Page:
Part II Physiology, Development & Neuroscience

by Vignesh Vetrivel

At the start of the year, you may well be feeling like you’ve just completed the hardest year of medicine ever anywhere in the world, and you are being rewarded with the easiest year possible. Sadly this is a bit of a fallacy. In part II, you literally get out of it as much as you put in. Yes, lectures will be a lot less frequent and reduced in volume. Yes, you will rejoice at all the free time you seem to have in your timetable. However, this time was built into your timetable for a reason.

Lectures

First of all, let’s talk about lectures. Unlike Part 1A & 1B, few of the Part II lecturers will provide handouts of their lectures. In addition, the lecture slides may well be minimalistic, involving just a few words and diagrams. You may find yourself struggling to keep up with copying down everything on the screen as well as listening out for those little gems of wisdom provided from the lecturer’s mouth. I would strongly advise printing out your own copy of the lecture slides, and this involves actually preparing the night before. Honestly it only takes 5 minutes before you start pre-drinking for MedSoc Q-jump. Log onto CamTools, find the lecture, print. Sorted. Now you can just listen out for the important supplementary information from the lecturer.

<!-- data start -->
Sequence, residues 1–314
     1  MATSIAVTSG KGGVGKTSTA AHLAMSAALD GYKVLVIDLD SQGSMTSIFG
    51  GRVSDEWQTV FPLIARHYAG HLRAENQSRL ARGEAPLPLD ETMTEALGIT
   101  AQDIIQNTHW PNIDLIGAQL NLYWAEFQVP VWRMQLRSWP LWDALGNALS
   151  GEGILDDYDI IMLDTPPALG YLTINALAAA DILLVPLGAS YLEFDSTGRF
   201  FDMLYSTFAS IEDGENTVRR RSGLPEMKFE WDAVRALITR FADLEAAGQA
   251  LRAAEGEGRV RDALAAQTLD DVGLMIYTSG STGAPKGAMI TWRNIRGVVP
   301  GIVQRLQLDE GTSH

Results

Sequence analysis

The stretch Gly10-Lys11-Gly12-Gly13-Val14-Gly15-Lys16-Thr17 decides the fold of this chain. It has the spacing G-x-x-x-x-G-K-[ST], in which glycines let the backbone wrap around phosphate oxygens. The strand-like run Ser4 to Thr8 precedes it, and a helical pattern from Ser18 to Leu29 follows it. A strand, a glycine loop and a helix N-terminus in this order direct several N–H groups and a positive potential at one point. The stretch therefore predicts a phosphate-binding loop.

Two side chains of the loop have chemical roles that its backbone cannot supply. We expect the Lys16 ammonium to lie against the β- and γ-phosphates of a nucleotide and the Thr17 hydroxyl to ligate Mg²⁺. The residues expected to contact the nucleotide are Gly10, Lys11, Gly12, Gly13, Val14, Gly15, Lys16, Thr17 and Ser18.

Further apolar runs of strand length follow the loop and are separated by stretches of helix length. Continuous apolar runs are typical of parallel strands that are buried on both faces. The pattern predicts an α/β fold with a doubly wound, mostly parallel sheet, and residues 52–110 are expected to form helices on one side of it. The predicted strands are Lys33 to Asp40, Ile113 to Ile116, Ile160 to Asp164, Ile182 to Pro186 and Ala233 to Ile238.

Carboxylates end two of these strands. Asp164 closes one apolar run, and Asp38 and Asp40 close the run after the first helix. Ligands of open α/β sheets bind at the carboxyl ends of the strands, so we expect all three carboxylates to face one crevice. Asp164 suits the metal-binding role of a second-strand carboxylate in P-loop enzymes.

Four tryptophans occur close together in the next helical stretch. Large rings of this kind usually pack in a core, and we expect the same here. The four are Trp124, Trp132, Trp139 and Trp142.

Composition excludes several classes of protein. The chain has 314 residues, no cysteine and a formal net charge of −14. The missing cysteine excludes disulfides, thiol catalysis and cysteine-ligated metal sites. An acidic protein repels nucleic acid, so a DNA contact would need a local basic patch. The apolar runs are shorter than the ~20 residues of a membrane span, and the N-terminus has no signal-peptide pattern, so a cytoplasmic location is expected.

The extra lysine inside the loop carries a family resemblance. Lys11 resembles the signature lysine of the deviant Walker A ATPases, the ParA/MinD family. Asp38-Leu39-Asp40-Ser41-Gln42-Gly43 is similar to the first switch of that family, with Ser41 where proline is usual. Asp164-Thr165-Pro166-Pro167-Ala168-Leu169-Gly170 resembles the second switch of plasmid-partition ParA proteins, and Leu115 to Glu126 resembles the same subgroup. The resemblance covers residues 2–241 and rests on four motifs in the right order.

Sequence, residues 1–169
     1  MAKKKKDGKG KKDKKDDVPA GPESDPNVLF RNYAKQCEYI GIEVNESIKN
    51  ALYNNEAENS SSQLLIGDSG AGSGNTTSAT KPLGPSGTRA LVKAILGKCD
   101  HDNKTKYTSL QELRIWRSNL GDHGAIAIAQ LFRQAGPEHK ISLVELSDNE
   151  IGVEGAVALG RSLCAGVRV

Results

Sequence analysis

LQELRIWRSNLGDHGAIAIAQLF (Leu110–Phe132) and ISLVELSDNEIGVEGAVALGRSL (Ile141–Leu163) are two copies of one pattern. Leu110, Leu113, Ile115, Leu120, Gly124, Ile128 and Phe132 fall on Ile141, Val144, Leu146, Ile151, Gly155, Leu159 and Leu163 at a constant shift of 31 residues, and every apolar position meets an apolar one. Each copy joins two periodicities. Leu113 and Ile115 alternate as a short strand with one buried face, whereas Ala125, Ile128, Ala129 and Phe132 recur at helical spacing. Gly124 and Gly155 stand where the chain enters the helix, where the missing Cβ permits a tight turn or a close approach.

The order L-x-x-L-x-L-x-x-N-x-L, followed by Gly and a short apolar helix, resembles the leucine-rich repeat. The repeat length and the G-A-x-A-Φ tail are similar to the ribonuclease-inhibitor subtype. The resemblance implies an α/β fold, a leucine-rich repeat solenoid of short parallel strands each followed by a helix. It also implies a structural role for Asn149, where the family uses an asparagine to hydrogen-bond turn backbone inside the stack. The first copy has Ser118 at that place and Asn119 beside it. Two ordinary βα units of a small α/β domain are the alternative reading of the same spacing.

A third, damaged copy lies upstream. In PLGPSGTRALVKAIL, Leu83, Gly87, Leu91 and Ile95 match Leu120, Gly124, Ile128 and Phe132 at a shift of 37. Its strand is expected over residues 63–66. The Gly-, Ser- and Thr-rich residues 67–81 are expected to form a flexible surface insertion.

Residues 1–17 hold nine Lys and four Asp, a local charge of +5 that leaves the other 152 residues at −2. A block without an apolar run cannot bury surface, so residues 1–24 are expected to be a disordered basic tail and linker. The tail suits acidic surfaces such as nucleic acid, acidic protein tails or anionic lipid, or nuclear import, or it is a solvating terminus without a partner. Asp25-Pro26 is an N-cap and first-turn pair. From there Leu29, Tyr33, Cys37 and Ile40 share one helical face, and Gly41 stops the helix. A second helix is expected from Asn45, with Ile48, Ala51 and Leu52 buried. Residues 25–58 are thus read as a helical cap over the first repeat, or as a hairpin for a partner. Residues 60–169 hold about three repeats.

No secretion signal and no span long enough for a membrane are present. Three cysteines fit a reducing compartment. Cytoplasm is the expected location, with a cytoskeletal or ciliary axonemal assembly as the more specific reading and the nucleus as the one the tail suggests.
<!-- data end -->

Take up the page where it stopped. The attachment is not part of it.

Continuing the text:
If you ever sat down and reviewed any of your Part 1 lectures, you may have found yourself wondering how so much information exists in Medicine, let alone the world. If you do the same with a Part 2 lecture, there is hardly any actual information. These lectures are the mere skeleton of your learning this year. Remember all that free time you had? That was intended for you to add the muscles, organs and skin to that frame. And that means reading papers. Real, hot off the press science.